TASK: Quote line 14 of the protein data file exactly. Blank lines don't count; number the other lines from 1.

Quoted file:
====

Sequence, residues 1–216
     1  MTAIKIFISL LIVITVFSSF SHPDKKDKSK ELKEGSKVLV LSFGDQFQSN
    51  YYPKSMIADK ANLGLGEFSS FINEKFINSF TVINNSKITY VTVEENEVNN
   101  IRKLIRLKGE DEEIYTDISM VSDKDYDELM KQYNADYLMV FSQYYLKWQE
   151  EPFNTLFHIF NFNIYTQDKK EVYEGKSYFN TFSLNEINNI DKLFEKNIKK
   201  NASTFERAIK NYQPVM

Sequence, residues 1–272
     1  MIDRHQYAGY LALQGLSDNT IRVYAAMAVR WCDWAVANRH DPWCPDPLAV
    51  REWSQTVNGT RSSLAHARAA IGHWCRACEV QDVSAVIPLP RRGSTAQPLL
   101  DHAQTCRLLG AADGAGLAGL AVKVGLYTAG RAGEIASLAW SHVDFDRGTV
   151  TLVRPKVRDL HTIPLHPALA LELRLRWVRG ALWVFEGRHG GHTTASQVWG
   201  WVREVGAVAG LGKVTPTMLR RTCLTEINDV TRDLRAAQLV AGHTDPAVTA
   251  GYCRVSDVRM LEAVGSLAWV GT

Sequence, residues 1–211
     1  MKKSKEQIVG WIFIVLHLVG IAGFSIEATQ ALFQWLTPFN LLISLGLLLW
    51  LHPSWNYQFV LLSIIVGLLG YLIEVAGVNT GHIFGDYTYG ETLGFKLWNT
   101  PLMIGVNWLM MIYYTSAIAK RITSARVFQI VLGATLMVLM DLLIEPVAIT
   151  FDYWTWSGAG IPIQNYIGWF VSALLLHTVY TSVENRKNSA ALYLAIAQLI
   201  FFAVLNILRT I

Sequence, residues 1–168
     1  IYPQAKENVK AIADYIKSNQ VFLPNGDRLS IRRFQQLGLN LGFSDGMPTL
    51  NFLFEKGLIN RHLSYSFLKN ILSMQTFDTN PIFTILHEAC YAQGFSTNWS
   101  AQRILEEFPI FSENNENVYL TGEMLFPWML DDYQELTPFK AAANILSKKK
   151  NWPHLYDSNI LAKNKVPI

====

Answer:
Sequence, residues 1–211